‘Implement RH law properly to fight cervical cancer’
MANILA, Philippines – Aside from vaccination, what else can help prevent cervical cancer, which is prevalent in the Philippines?
For women's health advocate Elizabeth Angsioco, it's the proper implementation of the reproductive health (RH) law.
"I want to think that the proper implementation of RH law will have a good impact in terms of perhaps prevention of cervical cancer, because obviously the two are very much related," Angsioco said on Wednesday, May 13, during a forum on cervical cancer led by Likhaan Center for Women's Health.
Cervical cancer is the second most common type of cancer among women. Every year, the Philippines reports at least 6,000 cervical cancer cases and 12 deaths. (QUIZ: What's your cervical cancer risk profile?)
Gynegologic oncologist Cecilia Ladines-Llave from the Philippine General Hospital cited at least 7 risk factors of cervical cancer, the "silent killer":
- early first sexual intercourse (less than 20 years old)
- multiple sexual partners
- sexually-transmitted diseases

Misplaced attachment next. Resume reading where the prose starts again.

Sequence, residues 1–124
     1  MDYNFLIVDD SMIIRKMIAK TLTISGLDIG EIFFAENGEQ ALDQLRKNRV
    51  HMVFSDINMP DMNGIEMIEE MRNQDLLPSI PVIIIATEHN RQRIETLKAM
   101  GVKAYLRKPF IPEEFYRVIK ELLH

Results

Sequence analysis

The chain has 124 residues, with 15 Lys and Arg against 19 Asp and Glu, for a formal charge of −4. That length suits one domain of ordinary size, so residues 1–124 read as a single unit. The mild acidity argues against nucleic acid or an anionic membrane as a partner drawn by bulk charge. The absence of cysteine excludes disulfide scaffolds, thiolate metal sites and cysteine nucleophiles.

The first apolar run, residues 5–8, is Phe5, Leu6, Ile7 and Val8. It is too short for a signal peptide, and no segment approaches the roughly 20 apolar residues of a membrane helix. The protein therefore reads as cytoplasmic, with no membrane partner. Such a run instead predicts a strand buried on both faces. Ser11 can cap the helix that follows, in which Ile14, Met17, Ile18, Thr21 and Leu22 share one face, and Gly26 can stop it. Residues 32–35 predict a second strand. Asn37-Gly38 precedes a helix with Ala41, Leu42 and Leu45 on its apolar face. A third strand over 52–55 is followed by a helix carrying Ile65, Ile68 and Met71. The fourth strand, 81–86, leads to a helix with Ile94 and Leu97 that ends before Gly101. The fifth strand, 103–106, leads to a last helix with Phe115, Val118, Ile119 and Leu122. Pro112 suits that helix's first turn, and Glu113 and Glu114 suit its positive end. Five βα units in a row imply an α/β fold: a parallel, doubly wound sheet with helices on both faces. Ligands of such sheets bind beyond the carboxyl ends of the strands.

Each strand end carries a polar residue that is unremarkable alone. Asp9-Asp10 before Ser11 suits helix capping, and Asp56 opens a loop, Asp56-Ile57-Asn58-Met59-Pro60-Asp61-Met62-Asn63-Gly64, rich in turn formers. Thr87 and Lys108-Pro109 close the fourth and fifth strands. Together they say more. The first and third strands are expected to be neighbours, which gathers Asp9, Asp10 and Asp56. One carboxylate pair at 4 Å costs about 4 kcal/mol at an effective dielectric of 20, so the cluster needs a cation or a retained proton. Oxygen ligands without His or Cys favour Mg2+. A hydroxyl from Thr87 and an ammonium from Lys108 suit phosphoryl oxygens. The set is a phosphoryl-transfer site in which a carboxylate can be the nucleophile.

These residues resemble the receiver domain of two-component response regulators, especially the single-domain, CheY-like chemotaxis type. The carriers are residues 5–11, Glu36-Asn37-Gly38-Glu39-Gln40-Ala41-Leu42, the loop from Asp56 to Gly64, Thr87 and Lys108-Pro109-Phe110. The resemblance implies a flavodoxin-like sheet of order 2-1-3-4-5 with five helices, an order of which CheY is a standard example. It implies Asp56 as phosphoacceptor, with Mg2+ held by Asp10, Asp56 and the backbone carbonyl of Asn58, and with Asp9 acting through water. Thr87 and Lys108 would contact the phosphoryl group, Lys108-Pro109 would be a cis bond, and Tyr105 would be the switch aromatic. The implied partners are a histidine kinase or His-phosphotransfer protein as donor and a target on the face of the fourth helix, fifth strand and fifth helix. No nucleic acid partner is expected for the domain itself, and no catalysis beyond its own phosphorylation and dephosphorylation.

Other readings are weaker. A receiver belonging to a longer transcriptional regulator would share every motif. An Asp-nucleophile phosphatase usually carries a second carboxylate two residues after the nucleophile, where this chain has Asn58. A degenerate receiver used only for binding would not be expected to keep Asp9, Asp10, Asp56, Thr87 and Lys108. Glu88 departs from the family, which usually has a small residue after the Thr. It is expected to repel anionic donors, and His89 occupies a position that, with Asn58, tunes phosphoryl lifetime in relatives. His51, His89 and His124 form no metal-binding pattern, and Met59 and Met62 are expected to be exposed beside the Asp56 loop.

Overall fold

- having 5 or more children
- previous pap smear tests yielding abnormal results
- weak immune system
More awareness needed
Angsioco, who is national chairperson of the Democratic Socialist Women of the Philippines, said early first sexual intercourse is "very common in our communities." Meanwhile, the absence of education on reproductive health and sexuality is "partly to blame" for risky behaviors, such as having multiple sexual partners.
The first 3 factors, she added, are all "directly related to the reproductive health law."
The controversial law requires government health centers to hand out free contraceptives and mandates sex education in schools. It also legalizes post-abortion medical care.
Until now, however, even more than a year after the Supreme Court declared the RH law as constitutional in 2014, Angsioco said women in communities still admit they "know nothing" about health issues, such as cervical cancer. (READ: Next in RH battle: Full implementation by DOH, LGUs)
"As in other issues, women who are economically marginalized are twice or even more vulnerable to diseases such as cervical cancer and they are more at risk because of scarcity in financial resources [and] lack of education," Angsioco said.
In August, the Department of Health (DOH) will give free vaccines against the human papillomavirus (HPV) to 300,000 female, Grade 4 students in the 20 poorest provinces in the country. (READ: Health advocates worry about HPV vaccination in August)
HPV is a virus that causes cervical cancer. The HPV vaccine is recommended before young girls become sexually active.
Meanwhile, for Cervical Cancer Awareness Month this May, DOH urged women to go to 65 hospitals nationwide for free cervical cancer screening.
Cervical cancer vaccine image via Shutterstock